What electrification does for flight is to diversify the means of getting airborne ~ more than has ever been possible ~ in the way that nature has filled every possible niche in the air.

In the way the Wright brothers pioneered flight only when  internal combustion supplanted steam, electrical VTOL only became possible when it supplanted internal combustion in turn. Altogether simpler to distribute around airframes, the single or twin engines familiar to aircraft and helicopters are  replaced by multiple motors driving fans or propellers... as few as eight or as many as three dozen in types attracting investment.

The analogy is computing, in which a single machine available to commercial concerns would be replaced by computers in every office, a PC on every desk and a smartphone in every pocket. In terms of the overall market for electrical aircraft there is likely to be a wider variation of types than evolved in the hydrocarbon economy, because of freedom in design of multiple-motored airframes.

The costliest implementation of convebtional  VTOL would be that of the Joint Strike Fighter, and its complexity not the least reason for the costliest overrun in aviation history. In contrast, ventures into electrical types take this ability as a universal constant.

Whilst most investment capital aims at fast returns from 'flying taxis' and cargo drones, the ecosystem of electrical flight will be wholly wider. This reflects the evolution of prior mobilities like the motor-car, which in the UK alone sprang from prototypes to a diversity of manufacturers numbering over two thousand (and reduced to single figures a century on as internal-combustion evolves toward senescence).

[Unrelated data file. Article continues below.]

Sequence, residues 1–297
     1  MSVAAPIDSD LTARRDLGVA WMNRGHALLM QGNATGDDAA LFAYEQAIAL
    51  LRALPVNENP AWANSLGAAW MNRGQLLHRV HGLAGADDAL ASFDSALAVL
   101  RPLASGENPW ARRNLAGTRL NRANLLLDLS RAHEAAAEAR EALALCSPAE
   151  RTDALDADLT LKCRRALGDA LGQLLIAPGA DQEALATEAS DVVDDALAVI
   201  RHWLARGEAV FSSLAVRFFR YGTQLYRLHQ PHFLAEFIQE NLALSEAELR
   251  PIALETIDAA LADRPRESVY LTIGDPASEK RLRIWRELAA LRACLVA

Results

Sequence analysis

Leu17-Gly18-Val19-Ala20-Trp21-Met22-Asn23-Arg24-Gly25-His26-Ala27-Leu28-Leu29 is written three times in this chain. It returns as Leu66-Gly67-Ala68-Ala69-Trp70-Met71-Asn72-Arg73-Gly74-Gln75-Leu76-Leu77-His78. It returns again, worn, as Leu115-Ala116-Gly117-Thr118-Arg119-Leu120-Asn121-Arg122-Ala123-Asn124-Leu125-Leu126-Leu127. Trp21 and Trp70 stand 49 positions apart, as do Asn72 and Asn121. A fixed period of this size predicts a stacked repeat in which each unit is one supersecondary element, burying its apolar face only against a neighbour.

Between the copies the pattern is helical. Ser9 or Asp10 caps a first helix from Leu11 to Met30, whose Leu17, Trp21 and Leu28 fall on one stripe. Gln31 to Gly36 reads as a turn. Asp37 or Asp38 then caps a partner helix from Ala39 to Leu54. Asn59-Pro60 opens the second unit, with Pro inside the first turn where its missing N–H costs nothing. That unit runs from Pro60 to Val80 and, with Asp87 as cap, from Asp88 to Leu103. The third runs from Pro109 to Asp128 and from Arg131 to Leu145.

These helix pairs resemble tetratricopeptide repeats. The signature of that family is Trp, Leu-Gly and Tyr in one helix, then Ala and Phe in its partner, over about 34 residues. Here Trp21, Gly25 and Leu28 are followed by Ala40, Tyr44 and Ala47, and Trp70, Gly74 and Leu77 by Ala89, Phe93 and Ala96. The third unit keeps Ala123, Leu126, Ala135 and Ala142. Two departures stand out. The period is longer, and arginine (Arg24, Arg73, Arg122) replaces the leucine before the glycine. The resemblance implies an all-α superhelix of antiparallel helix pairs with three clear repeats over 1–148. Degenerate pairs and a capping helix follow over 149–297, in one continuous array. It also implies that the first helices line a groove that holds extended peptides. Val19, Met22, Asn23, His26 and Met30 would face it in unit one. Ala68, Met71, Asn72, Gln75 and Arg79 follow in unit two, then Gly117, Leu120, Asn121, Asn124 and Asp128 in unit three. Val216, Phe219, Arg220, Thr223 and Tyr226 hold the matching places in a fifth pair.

This diversification means that personal eVTOL has its place. While you may argue that single-seat rotorcraft never 'took off', the most numerous of helicopters is still a two-seater in the shape of the Robinson R22. This was predicated on the basis two seats were ideal for training students or wrangling cattle, and similar niches will evolve for personal air vehicles as the cost of ownership is reduced in the same way.

The overriding limitation of single-seat types in the past was that they were as expensive to operate as larger types. It is unlikely to be the case with multicopters, which have already supplanted rotorcraft in applications from aerial photography to survey and agriculture... beside cargo.

The latter already lift payloads beyond that needed to raise an individual, and the ability to do so is a logical progression that fills a niche between UAVs and flying taxis. A fact that is worth consideration is that in most economies charabancs, trams and buses preceded private automobiles.

So personal eVTOL is a natural evolution in an environment already enjoyed by millions of drones worldwide.  Beside this there has been a vibrant kit-build market from the outset of flight ~ for what else could the Wright Flyer be considered? The key to continuing the tradition with electrical motors is as dependent upon manufacture and distribution as much as has to do with aerodynamics.

From the outset and of necessity,  TELEDRONE prototypes have been esigned for flat-pack assembly, garage storage and a means of operation that reduces the cost of ownership.

Beside a market for individuals wanting access to their own 'personal air vehicle' there is also a replacement market for roles met by boats, helicopters or hovercraft. Consequently it is expected that the earliest iterations of air vehicles like the TELEDRONE will be aimed at ground-effect operation... a question of climbing ladders a rung at a time.